Learning To See The Light & Control Shadows, The Brooks Institute Egg Test!
- Sep 23rd. 2012
- Posted in Portraiture . Studio Lighting . Tips & Tricks . videos
- 18%grey . @ThomasShue . Brooks Institute . diffused value . light an egg . Lilsamedia . lilsamedia.com . Make Better Portraits . Portraits . portraiture . Thomas Shue . Thomas Shue Photography . tom shue
- By Thomas Shue
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Learning To See The Light & Control Shadows, The Brooks Institute Egg Test!
Hello and welcome to my blog. Today I want to talk about learning to see the light and control shadows. First off, what is light? A very simple definition is - light is electromagnetic radiation in the visible spectrum. You know, getting good at lighting isn’t really about the light itself, it’s more about getting good at controlling shadows that light creates. Controlling the shadows is how you give shape and depth to a subject. Precise control over shadows is what allows you to define a vision. You can throw as much light as you want on a subject and the subject will just look - flat. It’s not until you learn to see the light (perhaps I should say, learn to see the shadows) that you will be able to take full control of your photography. (Note, if you don’t want to learn the basic concepts about lighting, skip to the bottom and watch the video, them come back only if you really want to understand)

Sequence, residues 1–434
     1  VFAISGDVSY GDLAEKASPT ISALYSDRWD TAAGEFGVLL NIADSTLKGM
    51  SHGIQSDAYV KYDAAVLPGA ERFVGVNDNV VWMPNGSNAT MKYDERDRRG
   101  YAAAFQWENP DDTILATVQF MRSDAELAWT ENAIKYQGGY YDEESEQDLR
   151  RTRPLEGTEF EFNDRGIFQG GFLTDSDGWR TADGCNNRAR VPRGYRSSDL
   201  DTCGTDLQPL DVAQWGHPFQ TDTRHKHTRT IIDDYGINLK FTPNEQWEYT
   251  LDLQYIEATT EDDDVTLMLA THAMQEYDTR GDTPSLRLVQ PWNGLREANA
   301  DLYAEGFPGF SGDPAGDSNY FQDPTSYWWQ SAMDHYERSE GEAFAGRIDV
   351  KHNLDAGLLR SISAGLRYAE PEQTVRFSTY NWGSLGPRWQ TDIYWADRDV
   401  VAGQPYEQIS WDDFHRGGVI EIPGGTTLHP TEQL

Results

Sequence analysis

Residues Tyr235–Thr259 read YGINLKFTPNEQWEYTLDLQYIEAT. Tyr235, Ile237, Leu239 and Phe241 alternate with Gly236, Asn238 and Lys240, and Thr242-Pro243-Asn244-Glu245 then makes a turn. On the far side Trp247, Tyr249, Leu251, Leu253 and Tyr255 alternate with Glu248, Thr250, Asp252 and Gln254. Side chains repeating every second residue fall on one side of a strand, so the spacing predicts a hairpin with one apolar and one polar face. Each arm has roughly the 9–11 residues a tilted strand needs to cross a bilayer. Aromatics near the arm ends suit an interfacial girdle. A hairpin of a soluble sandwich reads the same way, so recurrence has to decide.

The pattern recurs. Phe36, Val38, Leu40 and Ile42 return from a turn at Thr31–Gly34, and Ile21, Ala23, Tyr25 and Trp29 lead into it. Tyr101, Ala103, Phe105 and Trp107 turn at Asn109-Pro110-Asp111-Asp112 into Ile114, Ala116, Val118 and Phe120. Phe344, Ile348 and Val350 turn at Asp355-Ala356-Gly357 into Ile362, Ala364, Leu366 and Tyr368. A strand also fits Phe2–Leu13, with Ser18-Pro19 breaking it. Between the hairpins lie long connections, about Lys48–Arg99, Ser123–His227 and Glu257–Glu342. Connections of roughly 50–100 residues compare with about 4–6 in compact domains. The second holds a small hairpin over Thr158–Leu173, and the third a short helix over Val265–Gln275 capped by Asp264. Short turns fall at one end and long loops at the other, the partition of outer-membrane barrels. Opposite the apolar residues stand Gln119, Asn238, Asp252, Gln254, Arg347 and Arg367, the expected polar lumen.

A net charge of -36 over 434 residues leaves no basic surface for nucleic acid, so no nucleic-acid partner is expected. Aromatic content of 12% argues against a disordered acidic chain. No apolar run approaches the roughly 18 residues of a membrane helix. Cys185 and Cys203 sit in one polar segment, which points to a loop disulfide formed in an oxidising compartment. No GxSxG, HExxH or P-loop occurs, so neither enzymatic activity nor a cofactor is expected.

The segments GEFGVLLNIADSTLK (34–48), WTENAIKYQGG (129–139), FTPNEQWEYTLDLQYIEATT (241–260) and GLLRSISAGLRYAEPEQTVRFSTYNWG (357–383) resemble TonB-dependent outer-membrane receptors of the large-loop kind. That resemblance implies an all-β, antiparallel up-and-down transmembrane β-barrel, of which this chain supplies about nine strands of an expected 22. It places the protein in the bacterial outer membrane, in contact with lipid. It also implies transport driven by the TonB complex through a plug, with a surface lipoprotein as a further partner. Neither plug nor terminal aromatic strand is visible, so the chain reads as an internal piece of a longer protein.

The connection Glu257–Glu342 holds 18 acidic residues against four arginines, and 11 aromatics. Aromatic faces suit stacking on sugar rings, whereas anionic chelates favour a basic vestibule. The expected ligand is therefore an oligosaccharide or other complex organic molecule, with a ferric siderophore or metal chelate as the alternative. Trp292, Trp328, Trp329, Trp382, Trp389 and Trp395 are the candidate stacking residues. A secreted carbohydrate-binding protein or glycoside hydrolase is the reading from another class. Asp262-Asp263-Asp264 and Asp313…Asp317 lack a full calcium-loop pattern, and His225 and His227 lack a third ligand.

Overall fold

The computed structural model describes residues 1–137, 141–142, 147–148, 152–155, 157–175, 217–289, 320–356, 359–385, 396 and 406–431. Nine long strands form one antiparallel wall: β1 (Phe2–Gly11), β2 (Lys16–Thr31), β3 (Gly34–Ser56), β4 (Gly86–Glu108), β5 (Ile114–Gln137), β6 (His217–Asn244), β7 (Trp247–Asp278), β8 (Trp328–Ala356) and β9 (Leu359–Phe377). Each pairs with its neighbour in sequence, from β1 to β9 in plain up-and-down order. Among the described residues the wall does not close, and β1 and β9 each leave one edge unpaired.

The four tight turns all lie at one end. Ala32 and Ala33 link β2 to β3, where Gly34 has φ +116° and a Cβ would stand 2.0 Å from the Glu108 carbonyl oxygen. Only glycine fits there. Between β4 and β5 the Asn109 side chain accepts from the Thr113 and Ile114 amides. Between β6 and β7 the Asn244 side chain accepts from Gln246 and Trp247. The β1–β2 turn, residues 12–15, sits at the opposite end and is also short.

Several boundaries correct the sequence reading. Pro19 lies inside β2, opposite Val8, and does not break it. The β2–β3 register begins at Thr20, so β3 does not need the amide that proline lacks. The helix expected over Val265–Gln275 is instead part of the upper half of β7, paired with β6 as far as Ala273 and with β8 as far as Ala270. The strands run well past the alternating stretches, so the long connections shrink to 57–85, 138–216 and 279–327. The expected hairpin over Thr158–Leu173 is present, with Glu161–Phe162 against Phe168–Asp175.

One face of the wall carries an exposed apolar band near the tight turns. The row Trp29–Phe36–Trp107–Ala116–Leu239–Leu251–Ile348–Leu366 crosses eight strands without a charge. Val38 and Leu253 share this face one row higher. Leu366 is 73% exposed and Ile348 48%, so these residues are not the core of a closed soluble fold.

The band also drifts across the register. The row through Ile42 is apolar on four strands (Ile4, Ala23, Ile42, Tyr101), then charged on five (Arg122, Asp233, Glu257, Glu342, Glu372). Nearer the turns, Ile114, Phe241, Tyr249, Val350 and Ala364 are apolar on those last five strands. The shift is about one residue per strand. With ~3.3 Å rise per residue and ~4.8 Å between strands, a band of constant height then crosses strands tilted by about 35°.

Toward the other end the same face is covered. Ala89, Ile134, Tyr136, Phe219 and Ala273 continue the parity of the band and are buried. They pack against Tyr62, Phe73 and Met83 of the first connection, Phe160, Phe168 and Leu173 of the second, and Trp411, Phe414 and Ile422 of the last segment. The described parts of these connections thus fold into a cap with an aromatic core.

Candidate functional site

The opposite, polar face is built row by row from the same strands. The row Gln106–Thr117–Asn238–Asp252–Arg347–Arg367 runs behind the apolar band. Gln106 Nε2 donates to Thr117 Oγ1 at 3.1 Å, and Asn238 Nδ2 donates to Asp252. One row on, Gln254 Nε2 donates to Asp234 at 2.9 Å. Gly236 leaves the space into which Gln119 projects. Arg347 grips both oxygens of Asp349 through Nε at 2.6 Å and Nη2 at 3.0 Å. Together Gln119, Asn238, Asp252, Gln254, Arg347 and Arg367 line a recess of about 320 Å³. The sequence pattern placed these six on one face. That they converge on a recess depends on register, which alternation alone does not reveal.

Can you tell me what is a proper exposure? I will explain this for you, but first let me explain the Diffused Value. Diffused Value is the measurement of the illumination (the patch of light) that falls on a subject. So how does this help use define a proper exposure, and what is a proper exposure? Proper exposure is when the Diffused value of a subject renders that subject as an actual representation of what it is (an easy way to achieve it is with an incident light meter reading). Put another way, in portraiture photography, proper exposure is when the illuminated area (the Diffused Value) of the subject yields an image that allows you to view the subject as they are. For example, if you are lighting a white person, the area in which the light falls, clearly shows the skin being skin of a white person with all detail intact. This would mean if you are lighting a black person, the light falling on the subjects skin yields an image that clearly shows the skin to be that of a black person and holds all of the skin detail. That is a mouth full, but it is so important to understand. That exact area that the light falls on is called the diffused value. The diffused value is the reference point on every single image is built.
You see, proper exposure is very subjective, as long as you light a subject and this light reveals the subject as they are, they are considered to be properly exposed. When I say reveals the subject as they are, I don’t mean you can see every single inch of the subject; I mean the area on which the light falls reveals the subject as it actually is. In the case of the image below, the light reveals an image of a caucasian person, the lit area shows the proper skin tone, with all of the skin detail intact. You have to understand, my light might not be in the right position (wrong lighting pattern) and not flattering to my subject, the quantity of light (the coverage) might not be enough, the quality of light (hard shadows) might be terrible, but it properly exposed. Proper exposure is the main consideration and you have to ask yourself, what does the area being lit (the diffused value) look like? Is it too bright, too dark, is all of the detail correct? Is the color right? If you can say yes to all of them, then you have a proper exposure. It does not matter what the rest of the image may look like, because everything else is subjective.